Creating A Job Search Plan

Years ago I expanded my business, advancing beyond resume writing to job search coaching as I realized how passive and uninformed my clients were in searching for their next career opportunity. Whether you are presently employed and wanting to advance, or unemployed and in need of a job, you need to create a job search plan.


Any good plan starts with research. Get to know the market, your competition, your unique differentiators, where and how to be found.


Think of yourself as a product that needs to be marketed. Define what you are expert at and market that in your resume, cover letter, elevator speech, infomercial, online profile, blog, personal website, industry associations, networking business card, and signature line, to name a few possibilities.


Define what is your “ideal” job. What does the job and employer culture look like? Is there room for internal advancement? Do you have the skills (hard and soft) to perform the job? If not, identify the skills gap and enrol in courses to position yourself for future opportunities.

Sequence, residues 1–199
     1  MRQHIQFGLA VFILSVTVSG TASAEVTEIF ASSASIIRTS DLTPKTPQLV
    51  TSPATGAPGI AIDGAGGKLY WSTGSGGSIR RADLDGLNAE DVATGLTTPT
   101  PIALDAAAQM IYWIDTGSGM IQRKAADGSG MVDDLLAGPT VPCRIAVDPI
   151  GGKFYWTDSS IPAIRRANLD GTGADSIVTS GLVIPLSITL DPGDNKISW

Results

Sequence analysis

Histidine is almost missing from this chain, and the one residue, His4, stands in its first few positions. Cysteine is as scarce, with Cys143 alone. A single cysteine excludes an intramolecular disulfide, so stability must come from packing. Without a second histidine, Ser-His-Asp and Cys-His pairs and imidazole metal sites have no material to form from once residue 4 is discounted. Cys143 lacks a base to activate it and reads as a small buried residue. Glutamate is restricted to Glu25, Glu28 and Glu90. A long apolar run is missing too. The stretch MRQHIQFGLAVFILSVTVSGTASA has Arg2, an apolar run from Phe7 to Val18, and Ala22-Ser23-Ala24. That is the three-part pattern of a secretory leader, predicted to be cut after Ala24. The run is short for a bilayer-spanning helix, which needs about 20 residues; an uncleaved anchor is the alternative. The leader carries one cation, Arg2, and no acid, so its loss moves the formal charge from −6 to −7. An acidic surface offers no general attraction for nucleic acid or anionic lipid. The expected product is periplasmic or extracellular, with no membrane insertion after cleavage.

Make a list of companies you would like to work for. Start networking to connect with former and current employees, research the names and titles of potential decision makers, and prepare a compelling message relaying what you are seeking and why you would be a valuable addition to the team.


It’s not always about you hunting for a job. Everyday there is a hiring manager seeking potential candidates so you must also prepare to be “hunted”. Can you be found online? At a minimum, you MUST have an active profile on LinkedIn. Other active social media sites include Facebook, Twitter and LinkedIn. Further boost your online exposure by creating a profile on static websites including: ZoomInfo,, Flavors, Ziggs, Naymz, and Google Profiles.


While many people seem to rely on job postings, advertised jobs and job boards account for only 9% of total available jobs, with 12% of jobs stemming from recruiters and the remaining 79% of jobs found through networking and direct mail. Network online by joining discussion groups, industry associations, posting blogs, connecting with others in your field of interest. Network in-person at industry events, formal job search networks such as Happen and ExecuNet, request coffee meetings and informational interviews, use every opportunity to share your unique value and target role. Always dress for success, even wearing business appropriate attire when networking online can make a difference in your attitude and approach to a job search.


Plan your job search to encompass 12 hours daily, 5 days a week involving a minimum of 4.5 hours of social media engagement PLUS 3 in-person networking meetings.




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